I say that it was “almost” completely unknown because, in a sense, the story of Gil and Eleanor Kraus, the Philadelphia Jewish couple who carried out the rescue mission of fifty children from Vienna, was basically hiding in plain sight for many of those 75 years.
My wife, Liz Perle, is one of four grandchildren of the Krauses—and she had long been aware, at least generally, of what her grandparents had done in the spring of 1939. More importantly, in terms of my being able to piece together this extraordinary story, Eleanor Kraus had typed out an account of the mission some years after it had taken place. Liz had an onionskin copy of her grandmother’s private memoir—and that remarkable document provided me with an essential blueprint for writing my book.
What I really loved about this project was having the opportunity to dig so much deeper into this story, considerably beyond Eleanor’s personal account. The main focus of the story, of course, remains on this brave and courageous couple who overcame immense obstacles, both in the United States and in Nazi Germany, in their effort to save a group of children and bring them to safety in America.
But doing justice to the quiet heroism of the Krauses also required me to tell a much broader story about cultural, social, and political conditions that existed throughout the 1930s both in America and in Europe during the rise of Nazi Germany. In order to accomplish this, my research quite literally took me around the world—from Philadelphia and Washington, DC, to Vienna and Berlin—and eventually to Jerusalem. That’s where I came across an astonishing stash of documents (originally located in Vienna but moved to Israel in the 1950s) that provided even more graphic proof of Gil and Eleanor’s heroic actions. Tucked away in a set of dusty archives at Hebrew University were thousands of pages of family questionnaires filled out by Jewish families in Vienna who, by the late 1930s, had become increasingly desperate to escape from Hitler’s grasp. Included among those documents were the families with children hoping to be chosen by the Krauses for the journey to America.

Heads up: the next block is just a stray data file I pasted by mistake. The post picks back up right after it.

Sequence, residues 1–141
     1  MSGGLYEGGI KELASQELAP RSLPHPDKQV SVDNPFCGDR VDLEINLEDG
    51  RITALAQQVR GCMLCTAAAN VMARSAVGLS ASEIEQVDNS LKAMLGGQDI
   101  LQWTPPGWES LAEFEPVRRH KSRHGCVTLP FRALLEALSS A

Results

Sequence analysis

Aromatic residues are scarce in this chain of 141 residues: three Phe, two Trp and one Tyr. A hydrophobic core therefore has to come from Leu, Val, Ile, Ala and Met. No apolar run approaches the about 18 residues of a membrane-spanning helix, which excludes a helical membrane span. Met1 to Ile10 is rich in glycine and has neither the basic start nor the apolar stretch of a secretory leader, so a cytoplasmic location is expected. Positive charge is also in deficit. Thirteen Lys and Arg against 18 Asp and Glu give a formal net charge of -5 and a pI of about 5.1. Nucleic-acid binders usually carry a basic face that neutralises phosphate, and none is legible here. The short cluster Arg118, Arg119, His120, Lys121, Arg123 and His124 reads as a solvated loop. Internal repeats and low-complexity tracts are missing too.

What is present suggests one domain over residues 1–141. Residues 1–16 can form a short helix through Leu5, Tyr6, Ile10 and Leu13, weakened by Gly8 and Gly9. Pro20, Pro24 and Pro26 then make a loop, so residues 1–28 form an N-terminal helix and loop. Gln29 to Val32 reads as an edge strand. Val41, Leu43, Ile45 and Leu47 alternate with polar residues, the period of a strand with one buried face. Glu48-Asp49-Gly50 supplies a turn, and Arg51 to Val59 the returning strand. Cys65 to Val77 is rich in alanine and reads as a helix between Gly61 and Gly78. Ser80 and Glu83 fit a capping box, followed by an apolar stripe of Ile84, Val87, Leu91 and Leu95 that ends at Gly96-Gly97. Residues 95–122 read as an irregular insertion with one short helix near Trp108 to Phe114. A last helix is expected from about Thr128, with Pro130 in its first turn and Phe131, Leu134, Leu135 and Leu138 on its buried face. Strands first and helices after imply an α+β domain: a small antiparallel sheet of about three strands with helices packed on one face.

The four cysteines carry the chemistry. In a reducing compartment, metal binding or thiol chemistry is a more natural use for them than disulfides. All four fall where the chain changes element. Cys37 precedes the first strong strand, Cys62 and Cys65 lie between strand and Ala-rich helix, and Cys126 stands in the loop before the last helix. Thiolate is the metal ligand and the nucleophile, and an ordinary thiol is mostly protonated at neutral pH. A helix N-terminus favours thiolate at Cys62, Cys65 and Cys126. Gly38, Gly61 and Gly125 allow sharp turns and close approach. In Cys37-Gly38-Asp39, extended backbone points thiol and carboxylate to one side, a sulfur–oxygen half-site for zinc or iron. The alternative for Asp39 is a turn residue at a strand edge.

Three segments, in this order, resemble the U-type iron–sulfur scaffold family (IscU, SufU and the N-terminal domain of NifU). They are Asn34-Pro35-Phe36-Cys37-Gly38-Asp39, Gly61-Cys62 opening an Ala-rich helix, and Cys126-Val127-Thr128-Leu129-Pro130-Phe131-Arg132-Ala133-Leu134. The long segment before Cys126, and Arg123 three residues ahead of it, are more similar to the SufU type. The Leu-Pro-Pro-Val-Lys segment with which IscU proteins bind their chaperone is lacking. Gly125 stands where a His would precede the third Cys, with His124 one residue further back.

While sifting through this trove of documents, I came across a two-page, handwritten list of the fifty children eventually selected by the Krauses. My wife, who had joined me on the research trip, held up those pages in her hand and instantly recognized her grandmother’s distinctively elegant handwriting. It was a moment of astonishing discovery and an intensely personal family connection that I will never forget.
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